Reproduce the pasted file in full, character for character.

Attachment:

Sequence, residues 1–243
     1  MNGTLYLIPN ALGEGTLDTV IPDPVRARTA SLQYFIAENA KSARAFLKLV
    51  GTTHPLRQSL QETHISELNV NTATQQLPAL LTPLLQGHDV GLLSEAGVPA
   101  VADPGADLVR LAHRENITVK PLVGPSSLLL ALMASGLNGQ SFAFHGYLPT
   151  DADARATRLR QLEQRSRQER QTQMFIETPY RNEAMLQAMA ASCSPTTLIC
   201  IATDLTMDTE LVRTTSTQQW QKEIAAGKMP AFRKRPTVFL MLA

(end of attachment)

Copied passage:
Sequence, residues 1–243
     1  MNGTLYLIPN ALGEGTLDTV IPDPVRARTA SLQYFIAENA KSARAFLKLV
    51  GTTHPLRQSL QETHISELNV NTATQQLPAL LTPLLQGHDV GLLSEAGVPA
   101  VADPGADLVR LAHRENITVK PLVGPSSLLL ALMASGLNGQ SFAFHGYLPT
   151  DADARATRLR QLEQRSRQER QTQMFIETPY RNEAMLQAMA ASCSPTTLIC
   201  IATDLTMDTE LVRTTSTQQW QKEIAAGKMP AFRKRPTVFL MLA